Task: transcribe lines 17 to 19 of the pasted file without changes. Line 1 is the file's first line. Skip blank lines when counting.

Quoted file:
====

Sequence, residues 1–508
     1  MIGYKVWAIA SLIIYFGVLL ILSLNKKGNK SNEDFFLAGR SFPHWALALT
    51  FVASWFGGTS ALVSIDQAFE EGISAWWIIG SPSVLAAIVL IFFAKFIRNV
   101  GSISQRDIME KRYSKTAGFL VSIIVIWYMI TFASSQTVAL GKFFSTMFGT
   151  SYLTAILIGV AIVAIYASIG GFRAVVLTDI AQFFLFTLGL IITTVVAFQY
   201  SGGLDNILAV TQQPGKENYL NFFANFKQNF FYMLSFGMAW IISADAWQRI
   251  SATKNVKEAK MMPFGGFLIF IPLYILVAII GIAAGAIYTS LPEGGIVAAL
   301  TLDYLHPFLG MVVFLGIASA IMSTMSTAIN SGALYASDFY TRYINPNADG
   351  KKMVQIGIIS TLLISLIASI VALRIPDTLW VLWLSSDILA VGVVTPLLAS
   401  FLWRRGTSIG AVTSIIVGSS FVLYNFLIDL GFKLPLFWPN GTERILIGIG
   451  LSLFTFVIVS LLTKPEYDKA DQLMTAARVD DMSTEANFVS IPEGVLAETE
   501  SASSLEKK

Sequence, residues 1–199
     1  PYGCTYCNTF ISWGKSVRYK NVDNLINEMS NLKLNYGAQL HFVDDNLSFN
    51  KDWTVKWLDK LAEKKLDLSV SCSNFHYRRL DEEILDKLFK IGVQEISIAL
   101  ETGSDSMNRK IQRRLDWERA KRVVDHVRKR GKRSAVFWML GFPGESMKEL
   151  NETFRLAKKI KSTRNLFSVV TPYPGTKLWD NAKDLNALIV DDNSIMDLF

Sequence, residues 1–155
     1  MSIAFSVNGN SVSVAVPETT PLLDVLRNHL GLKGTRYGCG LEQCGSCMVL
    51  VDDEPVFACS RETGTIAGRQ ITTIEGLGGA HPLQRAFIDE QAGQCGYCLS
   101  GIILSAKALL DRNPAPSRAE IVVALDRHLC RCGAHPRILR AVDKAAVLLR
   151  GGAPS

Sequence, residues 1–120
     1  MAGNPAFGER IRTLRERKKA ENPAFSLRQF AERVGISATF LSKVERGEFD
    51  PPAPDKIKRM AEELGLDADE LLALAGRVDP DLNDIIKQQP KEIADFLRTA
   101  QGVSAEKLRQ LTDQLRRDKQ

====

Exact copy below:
   151  NETFRLAKKI KSTRNLFSVV TPYPGTKLWD NAKDLNALIV DDNSIMDLF

Sequence, residues 1–155
     1  MSIAFSVNGN SVSVAVPETT PLLDVLRNHL GLKGTRYGCG LEQCGSCMVL